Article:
Shortly after returning from our trip I called a family meeting. Tuesday night came and I called the meeting to order. I began by telling the kids our story. I told of how Jenny and I met and how nervous I was when I asked her to be my wife. I told them about building our first house. I shared how nervous I was each time I found out that I would be a father and how nervous I was when we sold our first house and bought our second one. The telling of the story took over an hour, the kids loved hearing their own history. I got to the part of the story that was current and told the kids that Jenny and I feel that it was time for us to sell our house again and this time we are not sure what that means for our family, we may buy another house in Hudson or we may move away from Hudson. I informed the kids that this is no longer the adventure of Aaron and Jenny, but the adventures of Aaron, Jenny, Alexander, Jackson, Maxwell and Isabella. Since it was their adventure as well, we put the selling of the house and the unknowns that it brings to a vote. The adventure was unanimously ratified. That family meeting was one of the greatest times for our family. We all left that meeting excited to be adding to our family story.
The summer of 2012 was long and arduous! In order to sell our house, we needed to finish a lower level bathroom, remodel two bedrooms, replace all stair treads and paint the entire upstairs. My parents took the kids for a month and Jenny and I worked like never before. By fall, we were ready to list the house. We listed the house in September and had a steady stream of showings. December arrived without an offer on the house, so we took it off of the market. This was a relief to me. I was starting to have serious anxiety about the house selling. In my heart I knew the sale of the house meant a move and separation from an amazing job (I know, I know that is not supposed to matter to a Christian…).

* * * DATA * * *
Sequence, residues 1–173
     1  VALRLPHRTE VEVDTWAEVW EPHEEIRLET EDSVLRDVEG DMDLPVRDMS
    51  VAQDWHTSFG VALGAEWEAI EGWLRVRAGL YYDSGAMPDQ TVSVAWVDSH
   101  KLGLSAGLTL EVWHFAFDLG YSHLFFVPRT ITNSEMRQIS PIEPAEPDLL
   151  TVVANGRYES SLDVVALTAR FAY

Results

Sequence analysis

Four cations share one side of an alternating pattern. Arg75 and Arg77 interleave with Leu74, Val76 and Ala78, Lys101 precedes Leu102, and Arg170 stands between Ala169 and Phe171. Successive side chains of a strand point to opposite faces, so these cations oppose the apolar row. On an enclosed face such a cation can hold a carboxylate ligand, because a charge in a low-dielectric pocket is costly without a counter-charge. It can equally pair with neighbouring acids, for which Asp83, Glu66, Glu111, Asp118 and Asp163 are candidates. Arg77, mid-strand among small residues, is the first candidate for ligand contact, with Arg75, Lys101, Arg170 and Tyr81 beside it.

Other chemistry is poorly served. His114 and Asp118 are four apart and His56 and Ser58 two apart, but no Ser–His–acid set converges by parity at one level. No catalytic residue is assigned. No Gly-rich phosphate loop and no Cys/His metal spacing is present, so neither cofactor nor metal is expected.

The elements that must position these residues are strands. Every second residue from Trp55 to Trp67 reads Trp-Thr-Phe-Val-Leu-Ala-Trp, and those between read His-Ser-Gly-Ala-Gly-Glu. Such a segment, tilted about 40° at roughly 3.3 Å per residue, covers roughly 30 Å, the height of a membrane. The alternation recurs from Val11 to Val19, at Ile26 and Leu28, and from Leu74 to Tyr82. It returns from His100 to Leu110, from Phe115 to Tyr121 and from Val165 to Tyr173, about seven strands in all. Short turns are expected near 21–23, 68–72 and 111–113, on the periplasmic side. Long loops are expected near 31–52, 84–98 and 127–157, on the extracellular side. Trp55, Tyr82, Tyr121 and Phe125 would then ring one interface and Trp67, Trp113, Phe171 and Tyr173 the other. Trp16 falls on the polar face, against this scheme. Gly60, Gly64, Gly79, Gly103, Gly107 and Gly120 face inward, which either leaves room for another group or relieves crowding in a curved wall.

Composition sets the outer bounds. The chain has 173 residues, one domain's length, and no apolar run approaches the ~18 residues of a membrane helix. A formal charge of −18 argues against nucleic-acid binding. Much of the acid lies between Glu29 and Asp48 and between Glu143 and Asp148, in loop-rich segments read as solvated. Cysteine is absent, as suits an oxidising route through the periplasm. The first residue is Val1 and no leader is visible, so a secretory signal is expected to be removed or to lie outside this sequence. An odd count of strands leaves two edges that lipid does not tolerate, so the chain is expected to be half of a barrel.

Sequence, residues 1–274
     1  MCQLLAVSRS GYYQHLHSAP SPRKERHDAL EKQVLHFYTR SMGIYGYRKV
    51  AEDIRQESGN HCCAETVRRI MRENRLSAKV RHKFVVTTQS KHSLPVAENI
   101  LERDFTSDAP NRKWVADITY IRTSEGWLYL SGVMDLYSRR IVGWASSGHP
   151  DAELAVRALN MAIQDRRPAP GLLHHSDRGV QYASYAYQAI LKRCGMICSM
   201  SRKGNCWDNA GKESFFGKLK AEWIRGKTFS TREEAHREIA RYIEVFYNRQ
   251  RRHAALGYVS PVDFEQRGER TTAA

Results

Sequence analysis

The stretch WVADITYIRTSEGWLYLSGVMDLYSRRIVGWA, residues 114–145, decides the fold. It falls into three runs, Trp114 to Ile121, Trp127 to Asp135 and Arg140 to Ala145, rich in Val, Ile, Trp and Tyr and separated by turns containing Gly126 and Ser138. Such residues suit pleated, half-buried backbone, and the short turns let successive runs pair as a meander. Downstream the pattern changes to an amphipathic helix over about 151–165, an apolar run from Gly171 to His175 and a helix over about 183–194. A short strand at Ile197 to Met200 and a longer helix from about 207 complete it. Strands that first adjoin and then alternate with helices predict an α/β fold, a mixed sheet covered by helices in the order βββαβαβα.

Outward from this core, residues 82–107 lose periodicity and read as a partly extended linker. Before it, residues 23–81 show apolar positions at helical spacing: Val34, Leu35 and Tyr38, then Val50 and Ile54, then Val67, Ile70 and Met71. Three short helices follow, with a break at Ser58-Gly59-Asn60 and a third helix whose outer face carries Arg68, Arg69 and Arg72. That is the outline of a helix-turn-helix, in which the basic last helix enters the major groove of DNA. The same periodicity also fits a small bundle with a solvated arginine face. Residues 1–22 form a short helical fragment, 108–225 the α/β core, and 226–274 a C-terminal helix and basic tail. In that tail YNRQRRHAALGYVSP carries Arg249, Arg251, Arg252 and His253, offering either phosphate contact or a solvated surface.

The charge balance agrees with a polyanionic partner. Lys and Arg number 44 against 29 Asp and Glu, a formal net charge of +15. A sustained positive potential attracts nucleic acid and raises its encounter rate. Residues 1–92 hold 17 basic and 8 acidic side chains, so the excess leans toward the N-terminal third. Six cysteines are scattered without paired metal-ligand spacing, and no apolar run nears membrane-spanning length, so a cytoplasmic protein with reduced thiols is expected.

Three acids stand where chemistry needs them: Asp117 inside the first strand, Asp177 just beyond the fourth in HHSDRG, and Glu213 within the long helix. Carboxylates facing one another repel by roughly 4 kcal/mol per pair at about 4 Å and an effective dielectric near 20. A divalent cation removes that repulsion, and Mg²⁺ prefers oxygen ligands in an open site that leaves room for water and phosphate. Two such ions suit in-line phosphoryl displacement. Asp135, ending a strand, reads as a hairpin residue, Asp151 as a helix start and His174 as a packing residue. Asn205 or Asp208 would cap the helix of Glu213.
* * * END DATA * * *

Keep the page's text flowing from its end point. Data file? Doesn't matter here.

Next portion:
In April we put the house on the market again. This time we had an offer for full price within 24 hours. It is at this point that I felt very sick. Up to this point I had told myself that God would not want me to leave such a good job, my church and our beautiful home. I clung to the hope that this entire thing was some sort of faith test and I would be spared the selling of my home. Days and weeks passed and Jenny and I agreed that if indeed the house sold, we would move to Nashville, Tennessee. I was secretly hoping that the final inspection (the buyer’s bank appraisal) would not go through and I would be spared, but that was not the case.
We now had a closing date and I had to do one of the hardest things I have ever done. I sat down with my manager and informed him of our decision to move. This was hard for me in many ways. First, my job with its excellent salary and benefits was a gift from God. I was not ” qualified” to do the job; however, I excelled at it. Second, I truly enjoyed what I did. Finally, I have a great deal of respect for my manager. He is a fellow Christian and we had grown to have a great relationship. He is not only my mentor in business, but a dear friend. I shared the news with him and he was very supportive. He and I had discussed the possibility that this day may come over a year before and he was aware of my concerns with stepping away from my job and moving. His faith in God’s providence of the situation has been a source of much encouragement.